C3Subtitles: 36c3-wikipaka: KDE Itinerary - A privacy by design travel assistant
back

KDE Itinerary - A privacy by design travel assistant

If you suspend your transcription on amara.org, please add a timestamp below to indicate how far you progressed! This will help others to resume your work!

Please do not press “publish” on amara.org to save your progress, use “save draft” instead. Only press “publish” when you're done with quality control.

Video duration
00:33:25
Language
English
Abstract
Getting your itinerary presented in a unified, well structured and always up to date fashion rather than as advertisement overloaded HTML emails or via countless vendor apps has become a standard feature of digital assistants such as the Google platform. While very useful and convenient, it comes at a heavy privacy cost. Besides sensitive information such as passport or credit card numbers, the correlation of travel data from a large pool of users exposes a lot about people's work, interests and relationships. Just not using such services is one way to escape this, or we build a privacy-respecting alternative ourselves!

Standing on the shoulders of KDE, Wikidata, Navitia, OpenStreetMap and a few other FOSS communities we have been exploring what it would take to to build a free and privacy-respecting travel assistant during the past two years, resulting in a number of building blocks and the "KDE Itinerary" application. In this talk we will look at what has been built, and how, and what can be done with this now. In particular we will review the different types of data digital travel assistants rely on, where we can get those from, and at what impact for your privacy.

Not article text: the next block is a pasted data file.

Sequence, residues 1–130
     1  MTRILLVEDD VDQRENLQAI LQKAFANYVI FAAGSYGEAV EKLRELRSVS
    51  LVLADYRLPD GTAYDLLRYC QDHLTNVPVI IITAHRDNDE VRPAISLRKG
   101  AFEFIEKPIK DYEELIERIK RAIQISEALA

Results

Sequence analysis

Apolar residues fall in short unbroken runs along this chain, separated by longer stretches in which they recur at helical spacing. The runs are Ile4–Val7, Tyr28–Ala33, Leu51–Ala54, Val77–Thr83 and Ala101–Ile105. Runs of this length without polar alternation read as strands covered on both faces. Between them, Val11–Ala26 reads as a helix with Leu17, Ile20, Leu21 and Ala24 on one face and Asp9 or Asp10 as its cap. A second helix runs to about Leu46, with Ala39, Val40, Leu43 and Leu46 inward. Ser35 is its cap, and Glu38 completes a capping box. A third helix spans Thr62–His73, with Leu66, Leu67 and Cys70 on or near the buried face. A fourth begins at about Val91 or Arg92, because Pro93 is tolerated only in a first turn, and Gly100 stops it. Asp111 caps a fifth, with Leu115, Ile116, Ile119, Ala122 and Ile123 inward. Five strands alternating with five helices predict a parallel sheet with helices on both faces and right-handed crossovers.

The most obvious data source are your personal booking information. Extracting data from reservation documents is possible from a number of different input formats, such as emails, PDF files or Apple Wallet passes, considering structured annotations and barcodes, but also by using vendor-specific extractors for unstructured data. All of this is done locally on your own devices, without any online access.

Reservation data is then augmented from open data sources such as Wikidata and OpenStreetMap to fill in often missing but crucial information such as timezones or geo coordinates of departure and arrival locations. And finally we need realtime traffic data as well, such as provided by Navitia as Open Data for ground-based transport.

Should the author fail to show up to this presentation it might be that his Deutsche Bahn ticket rendering code still needs a few bugfixes ;-)

Talk ID
36c3WPWG-59
Event:
36c3-wikipaka
Day
1
Room
WikiPaka WG: Esszimmer
Start
4 p.m.
Duration
00:30:00
Track
Science
Type of
Talk
Speaker
Volker Krause
0.0% Checking done0.0%
0.0% Syncing done0.0%
0.0% Transcribing done0.0%
100.0% Nothing done yet100.0%

English: Transcribed until

Last revision: 9 months, 1 week ago